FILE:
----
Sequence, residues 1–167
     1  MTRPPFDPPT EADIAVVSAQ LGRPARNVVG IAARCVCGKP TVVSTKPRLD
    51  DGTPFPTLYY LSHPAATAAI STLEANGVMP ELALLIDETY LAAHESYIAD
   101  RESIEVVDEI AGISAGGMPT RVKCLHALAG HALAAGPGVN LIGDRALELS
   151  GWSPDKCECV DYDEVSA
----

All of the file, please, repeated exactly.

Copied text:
Sequence, residues 1–167
     1  MTRPPFDPPT EADIAVVSAQ LGRPARNVVG IAARCVCGKP TVVSTKPRLD
    51  DGTPFPTLYY LSHPAATAAI STLEANGVMP ELALLIDETY LAAHESYIAD
   101  RESIEVVDEI AGISAGGMPT RVKCLHALAG HALAAGPGVN LIGDRALELS
   151  GWSPDKCECV DYDEVSA